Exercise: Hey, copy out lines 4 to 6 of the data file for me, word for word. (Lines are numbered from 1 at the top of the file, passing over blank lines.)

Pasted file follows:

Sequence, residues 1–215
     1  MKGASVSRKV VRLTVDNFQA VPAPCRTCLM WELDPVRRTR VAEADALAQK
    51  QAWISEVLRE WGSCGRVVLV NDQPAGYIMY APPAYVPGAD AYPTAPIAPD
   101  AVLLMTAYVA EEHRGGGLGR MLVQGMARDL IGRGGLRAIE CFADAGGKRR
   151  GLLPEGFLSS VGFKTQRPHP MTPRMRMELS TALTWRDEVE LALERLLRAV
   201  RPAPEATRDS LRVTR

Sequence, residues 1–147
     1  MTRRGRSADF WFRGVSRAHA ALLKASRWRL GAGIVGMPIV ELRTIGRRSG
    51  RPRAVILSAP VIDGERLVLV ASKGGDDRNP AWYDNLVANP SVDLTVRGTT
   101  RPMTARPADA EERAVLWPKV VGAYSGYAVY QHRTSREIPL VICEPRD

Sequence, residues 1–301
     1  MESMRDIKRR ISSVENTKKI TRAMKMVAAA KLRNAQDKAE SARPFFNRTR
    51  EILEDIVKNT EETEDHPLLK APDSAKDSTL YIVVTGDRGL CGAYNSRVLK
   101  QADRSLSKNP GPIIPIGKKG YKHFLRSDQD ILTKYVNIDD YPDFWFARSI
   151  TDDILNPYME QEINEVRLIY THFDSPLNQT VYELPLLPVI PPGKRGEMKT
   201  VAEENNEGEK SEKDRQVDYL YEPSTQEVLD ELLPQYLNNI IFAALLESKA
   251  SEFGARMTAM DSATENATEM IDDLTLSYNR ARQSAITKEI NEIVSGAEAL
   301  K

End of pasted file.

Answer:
   101  AVLLMTAYVA EEHRGGGLGR MLVQGMARDL IGRGGLRAIE CFADAGGKRR
   151  GLLPEGFLSS VGFKTQRPHP MTPRMRMELS TALTWRDEVE LALERLLRAV
   201  RPAPEATRDS LRVTR